The main thing to note, to contemplate, and perhaps even do something about, is that, just as we can train our physical senses, so can we train our emotional senses. Further, just as we can develop our physical skills , there is the possibility of developing our emotional skills, as well.

Monday, January 29, 2018

The Hula Experience

As an avid observer of life, I find it very interesting to watch people watching hula. Typically, the locals are completely focused on every part of every performance, and the eyes of the malihinis, the visitors, glaze over after three or four dances.

In researching the whys and wherefores (by asking a lot of questions) I have finally concluded that the real problem is one of understanding. Most visitors, and a surprisingly large number of residents, simply don't understand what the hula is all about. So, this article is designed to inform all those who wonder what the fuss is about... what the fuss is about.

First, the word, hula, means "dance" (sorry, guys, it doesn't mean "shake those hips"). Since it's a Hawaiian word, it refers to Hawaiian style dancing, which is usually divided into three types: kahiko, which refers to a more traditional style of dancing with traditional costuming; 'auana, which is a flowing style generally using modern Hawaiian costuming; and hapa haole style, also affectionately called "hotel hula," which may feature coconut bras and blue-spangled faux grass skirts made of plastic.

Let's continue with just a little bit of legend. This is a very simplistic overview to show that not all Hawaiians agree on how the hula started.

On Molokai the story is that hula came to these islands a very long time ago from Tahiti, brought by a man named Laka, assumed to be related to the male god/hero Rata in the South Pacific.

On Kauai the story is that hula came to these islands a very long time ago from Tahiti, but one version says it was a woman named Laka who brought it, and another version says it was brought by a set of twins, male and female, both named Laka.

On the Big Island, the most popular story says that hula was invented right here by a human woman named Hopoe, who taught it to her goddess friend, Hi'iaka, who taught it to her elder sister, Pele. I like this one in particular, because it is a rare legend of a human teaching something to the gods.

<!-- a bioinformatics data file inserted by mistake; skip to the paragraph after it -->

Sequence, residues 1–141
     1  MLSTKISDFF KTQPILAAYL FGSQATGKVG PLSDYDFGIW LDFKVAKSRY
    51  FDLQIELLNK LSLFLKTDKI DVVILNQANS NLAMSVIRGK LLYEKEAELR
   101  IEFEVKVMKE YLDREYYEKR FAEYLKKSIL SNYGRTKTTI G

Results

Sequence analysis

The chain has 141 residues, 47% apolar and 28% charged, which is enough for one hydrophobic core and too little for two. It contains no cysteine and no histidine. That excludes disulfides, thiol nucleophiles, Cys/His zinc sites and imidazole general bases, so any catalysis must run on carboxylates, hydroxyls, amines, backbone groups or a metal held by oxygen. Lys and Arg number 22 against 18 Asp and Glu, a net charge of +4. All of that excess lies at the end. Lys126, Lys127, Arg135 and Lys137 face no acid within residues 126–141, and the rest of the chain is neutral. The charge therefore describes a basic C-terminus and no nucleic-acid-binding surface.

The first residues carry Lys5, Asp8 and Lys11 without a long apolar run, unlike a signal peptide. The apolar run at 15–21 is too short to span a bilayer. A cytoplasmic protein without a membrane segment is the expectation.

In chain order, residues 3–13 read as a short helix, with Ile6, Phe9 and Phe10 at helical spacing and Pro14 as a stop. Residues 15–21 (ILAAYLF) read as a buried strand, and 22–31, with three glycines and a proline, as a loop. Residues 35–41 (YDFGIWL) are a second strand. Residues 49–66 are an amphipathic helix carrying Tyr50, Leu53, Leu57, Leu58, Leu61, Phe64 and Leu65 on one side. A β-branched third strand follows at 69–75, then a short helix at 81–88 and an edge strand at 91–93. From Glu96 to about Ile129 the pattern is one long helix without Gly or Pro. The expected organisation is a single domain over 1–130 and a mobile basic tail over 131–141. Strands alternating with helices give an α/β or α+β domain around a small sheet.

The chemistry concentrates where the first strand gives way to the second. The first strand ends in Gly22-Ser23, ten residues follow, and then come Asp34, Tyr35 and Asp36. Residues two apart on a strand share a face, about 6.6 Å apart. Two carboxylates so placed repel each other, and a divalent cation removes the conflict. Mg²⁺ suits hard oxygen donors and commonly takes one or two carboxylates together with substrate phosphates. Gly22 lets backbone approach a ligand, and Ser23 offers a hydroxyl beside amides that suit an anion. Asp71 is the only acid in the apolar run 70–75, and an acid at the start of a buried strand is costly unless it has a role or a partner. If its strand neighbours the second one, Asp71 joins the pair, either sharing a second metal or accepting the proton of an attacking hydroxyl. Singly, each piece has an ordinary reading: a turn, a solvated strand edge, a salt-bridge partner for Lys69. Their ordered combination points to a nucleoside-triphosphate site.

Hula as a dance consists of a relatively small number of steps, each with its own name. The dancer also uses a kind of sign language to illustrate the meaning or purpose of the dance. Kahiko hula is typically accompanied by chanting and traditional instruments, like skin and gourd drums, bamboo rattles, and sometimes castanets made of stones. 

'Auana hula is usually accompanied by singing and a band playing guitars and ukuleles. The locals who focus so intently are probably doing so for one of two reasons - or maybe both. First is the skill of the dancers, chanters or singers, and the musicians. The dancers especially are subject to intense scrutiny for the way they place their feet, how they move their bodies, the positioning of their hands, and the direction followed by their eyes. The second reason is the content, and how well it is expressed. 

The content of kahiko dancing is mostly concerned with legends, ancient gods and goddesses, chiefs, and royalty. That of 'auana can be virtually anything, from romance, to gossip, to praise of people and places, to simply telling about a great party, picnic, or adventure someone had. For those who understand Hawaiian, hula is a special treat, because the chanting or singing will most likely include word-play, innuendo, and hidden meanings. 

At competitive events like the Merrie Monarch Festival, the dancing follows a strict pattern, for the benefit of the judges. First, there is the entrance, called kaʻi, which is usually chanted by the dancers; next is the dance itself, and finally there is the exit off stage, called hoʻi, which is a kind of procession accompanied by chanting or singing. If you have an opportunity to see the Merrie Monarch Festival, in person, on television, or on a DVD, don't miss it. There is nothing else like it in the entire world.